December 22, 2012

Some Thoughts on Natalie Maclean’s “Predicament”

Poor Natalie. Just when you think you have the world by the by the tail, you end up with a hand full of… uh... disappointment.
First off, no one has cited Natalie for plagiarism. The main charge is copyright infringement. That means she reproduced material that belonged to someone else with neither attribution nor permission, and she did it to help earn a profit. Plagiarism is putting your name on someone else’s material. But how is this so different from taking someone else’s work and displaying it in such a way that it will likely be construed as your own? The material that was appropriated was taken from an LCBO publication. Did the LCBO give permission to ‘borrow’ the reviews? Did the authors? One of the first things they teach you in journalism school is attribution. If you didn’t write it, then putting the author’s name there is NOT OPTIONAL. More importantly, the LCBO always attributes material to the authors, so Natalie purposely removed or neglected to add names to the reviews.
As wine writers, we are journalists. And we are consumer advocates. There really is only one currency in this business: our credibility. We gain credibility by sticking to the rules, by not taking ‘pay-offs’ and by avoiding ANY suspicion of bias. Some purists suggested that accepting free wine, food, trips, etc. is improper. For some reason this standard is freely levied at wine writers but not at others. Do you expect car writers to buy the cars they review? Do restaurant critics pick up their own bill after every meal? (Good example here: Many restaurant critics go out of their way to be anonymous to eliminate any possibility of bias or favourable treatment and their publishers pay the tab.) Reviewers have a simple mandate: I may write about your product -- for better or worse -- and if you choose to make your products available for that purpose, thank you; I will do my utmost to be fair. It’s the cost of doing business on both sides. It’s in the winery’s best interest to get us to favourably review their products. Sending a bottle or two to my doorstep is a calculated investment for them, and they’re glad to do it. It can mean some very cheap publicity. They also understand that I might pan the product -- it’s a two way street.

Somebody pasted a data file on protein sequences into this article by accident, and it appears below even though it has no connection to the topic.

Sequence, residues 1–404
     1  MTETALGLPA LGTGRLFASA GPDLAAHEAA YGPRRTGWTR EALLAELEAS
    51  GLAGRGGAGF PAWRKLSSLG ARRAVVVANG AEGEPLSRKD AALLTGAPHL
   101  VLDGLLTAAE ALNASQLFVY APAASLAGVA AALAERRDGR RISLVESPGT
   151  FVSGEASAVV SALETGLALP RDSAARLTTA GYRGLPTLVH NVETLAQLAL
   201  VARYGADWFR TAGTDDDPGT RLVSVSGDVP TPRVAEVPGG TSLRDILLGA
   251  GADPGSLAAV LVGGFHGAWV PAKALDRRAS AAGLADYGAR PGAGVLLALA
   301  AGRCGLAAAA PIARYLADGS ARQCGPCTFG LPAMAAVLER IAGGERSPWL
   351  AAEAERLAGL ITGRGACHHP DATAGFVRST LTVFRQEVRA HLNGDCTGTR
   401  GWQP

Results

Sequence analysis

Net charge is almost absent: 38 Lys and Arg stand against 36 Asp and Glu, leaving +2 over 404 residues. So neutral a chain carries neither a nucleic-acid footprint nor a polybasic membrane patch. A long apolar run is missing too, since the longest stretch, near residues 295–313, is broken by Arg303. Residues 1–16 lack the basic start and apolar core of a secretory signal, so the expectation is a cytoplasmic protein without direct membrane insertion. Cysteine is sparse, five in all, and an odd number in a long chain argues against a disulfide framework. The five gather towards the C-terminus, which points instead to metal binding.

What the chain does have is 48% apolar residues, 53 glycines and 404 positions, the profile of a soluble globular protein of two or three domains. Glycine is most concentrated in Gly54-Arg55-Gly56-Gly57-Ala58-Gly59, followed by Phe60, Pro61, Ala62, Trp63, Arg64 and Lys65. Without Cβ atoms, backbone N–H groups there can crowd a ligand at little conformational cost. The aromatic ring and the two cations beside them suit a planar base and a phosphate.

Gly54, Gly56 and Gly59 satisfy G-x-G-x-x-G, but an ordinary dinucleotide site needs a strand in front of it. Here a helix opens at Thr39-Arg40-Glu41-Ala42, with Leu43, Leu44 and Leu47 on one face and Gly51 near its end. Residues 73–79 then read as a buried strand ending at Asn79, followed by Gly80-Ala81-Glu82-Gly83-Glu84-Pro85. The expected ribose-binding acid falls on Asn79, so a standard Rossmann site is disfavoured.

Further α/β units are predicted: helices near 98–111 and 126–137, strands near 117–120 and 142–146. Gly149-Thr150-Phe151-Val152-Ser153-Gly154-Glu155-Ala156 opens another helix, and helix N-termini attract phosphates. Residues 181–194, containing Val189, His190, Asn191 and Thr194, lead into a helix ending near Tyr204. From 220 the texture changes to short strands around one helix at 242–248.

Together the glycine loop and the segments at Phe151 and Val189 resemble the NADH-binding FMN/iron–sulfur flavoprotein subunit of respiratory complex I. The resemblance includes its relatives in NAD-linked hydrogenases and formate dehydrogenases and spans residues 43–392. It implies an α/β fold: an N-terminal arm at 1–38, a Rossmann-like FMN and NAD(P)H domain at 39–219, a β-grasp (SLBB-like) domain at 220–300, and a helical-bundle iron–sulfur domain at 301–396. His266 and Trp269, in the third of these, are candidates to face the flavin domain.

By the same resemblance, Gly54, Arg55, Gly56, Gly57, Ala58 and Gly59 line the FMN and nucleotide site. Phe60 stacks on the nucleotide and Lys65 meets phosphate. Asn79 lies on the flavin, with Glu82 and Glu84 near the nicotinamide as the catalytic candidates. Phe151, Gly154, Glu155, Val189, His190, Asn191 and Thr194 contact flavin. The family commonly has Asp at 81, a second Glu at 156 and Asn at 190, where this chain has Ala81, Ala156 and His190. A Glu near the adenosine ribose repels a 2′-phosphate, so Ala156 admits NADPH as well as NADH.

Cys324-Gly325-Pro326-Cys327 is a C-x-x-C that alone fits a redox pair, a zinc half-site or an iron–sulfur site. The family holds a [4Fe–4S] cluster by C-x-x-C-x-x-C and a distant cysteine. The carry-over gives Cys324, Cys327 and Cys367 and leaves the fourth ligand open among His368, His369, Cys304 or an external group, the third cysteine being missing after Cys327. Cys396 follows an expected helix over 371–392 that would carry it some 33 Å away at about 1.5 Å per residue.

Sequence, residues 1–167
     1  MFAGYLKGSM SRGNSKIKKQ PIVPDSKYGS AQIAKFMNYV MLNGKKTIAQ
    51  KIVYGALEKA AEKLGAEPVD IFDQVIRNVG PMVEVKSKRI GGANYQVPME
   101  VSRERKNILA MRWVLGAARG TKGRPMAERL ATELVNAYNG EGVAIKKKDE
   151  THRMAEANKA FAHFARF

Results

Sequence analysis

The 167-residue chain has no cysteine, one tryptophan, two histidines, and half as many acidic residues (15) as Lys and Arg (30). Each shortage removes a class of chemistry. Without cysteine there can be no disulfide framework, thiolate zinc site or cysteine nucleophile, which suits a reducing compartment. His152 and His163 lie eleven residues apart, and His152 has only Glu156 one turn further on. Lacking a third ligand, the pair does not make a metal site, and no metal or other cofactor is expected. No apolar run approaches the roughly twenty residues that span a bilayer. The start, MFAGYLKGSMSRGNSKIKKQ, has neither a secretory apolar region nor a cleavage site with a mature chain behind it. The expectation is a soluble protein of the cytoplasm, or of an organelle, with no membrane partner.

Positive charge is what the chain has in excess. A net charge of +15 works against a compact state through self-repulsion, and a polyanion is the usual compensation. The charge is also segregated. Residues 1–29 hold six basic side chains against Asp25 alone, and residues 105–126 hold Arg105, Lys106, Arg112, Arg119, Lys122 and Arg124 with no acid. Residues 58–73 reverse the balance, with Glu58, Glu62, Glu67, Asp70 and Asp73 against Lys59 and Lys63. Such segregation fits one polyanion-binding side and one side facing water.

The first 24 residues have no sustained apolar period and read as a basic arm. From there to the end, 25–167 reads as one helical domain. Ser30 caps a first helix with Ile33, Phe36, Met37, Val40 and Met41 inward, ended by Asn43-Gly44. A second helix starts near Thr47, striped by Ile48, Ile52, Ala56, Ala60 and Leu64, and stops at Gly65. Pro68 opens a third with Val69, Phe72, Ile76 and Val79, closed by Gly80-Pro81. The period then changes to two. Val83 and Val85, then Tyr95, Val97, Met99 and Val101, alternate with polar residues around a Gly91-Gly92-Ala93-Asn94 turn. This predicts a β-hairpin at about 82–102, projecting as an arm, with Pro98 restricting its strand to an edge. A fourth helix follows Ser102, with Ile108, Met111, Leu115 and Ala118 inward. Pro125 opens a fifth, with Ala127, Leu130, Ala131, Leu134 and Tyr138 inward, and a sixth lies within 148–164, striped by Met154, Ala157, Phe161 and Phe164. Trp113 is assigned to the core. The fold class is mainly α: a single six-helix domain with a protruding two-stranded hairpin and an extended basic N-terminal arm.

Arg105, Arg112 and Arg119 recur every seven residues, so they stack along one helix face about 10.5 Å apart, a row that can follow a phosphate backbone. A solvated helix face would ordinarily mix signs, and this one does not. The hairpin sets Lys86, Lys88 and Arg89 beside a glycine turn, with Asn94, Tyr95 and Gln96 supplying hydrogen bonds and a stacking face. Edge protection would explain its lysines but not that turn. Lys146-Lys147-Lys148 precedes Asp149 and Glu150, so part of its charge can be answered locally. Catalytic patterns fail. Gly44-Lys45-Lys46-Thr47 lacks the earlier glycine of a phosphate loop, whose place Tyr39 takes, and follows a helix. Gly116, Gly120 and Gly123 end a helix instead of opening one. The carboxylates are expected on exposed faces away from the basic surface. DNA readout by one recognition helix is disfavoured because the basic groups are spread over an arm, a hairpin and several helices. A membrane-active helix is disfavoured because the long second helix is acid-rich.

Now since, I/we accept ‘freebies’, how do we distance ourselves from bias and conflict of interest, etc.? We simply do. That too is not optional. However, if I put a restriction in place, or ask for ‘more’ in order to do a review, I’d better be very careful. There’s no doubt that having a high profile writer review a product can be ‘worth your while’, as one commenter put it. Natalie’s mistake in this case was to demand a subscription fee to produce a review. That is very different from saying up front “I have a tasting fee of $xx per bottle, no guarantees.” That is fair and it’s transparent. To say, “I won’t review your wines unless you buy a copy of my book” is usury.
So Natalie, I know you’re not a trained journalist. I know you have to have some means of ‘gate keeping’ to keep the flood of wines to your door at a reasonable ebb. But what you’ve done by appropriating reviews is unethical. Allowing readers to believe that the content is yours is unethical. Charging people a fee to read those reviews is unethical. Demanding that wineries, agents, etc. subscribe to your newsletter to qualify for a review is unethical. Suggesting that your reviews could have a favourable result is in a gray area, but it smacks of something unethical.
The “world’s best drinks writer”, perhaps, but at my college – a writing school -- Ms Maclean would get an “F”.
Here’s a good, seemingly fair minded write-up:

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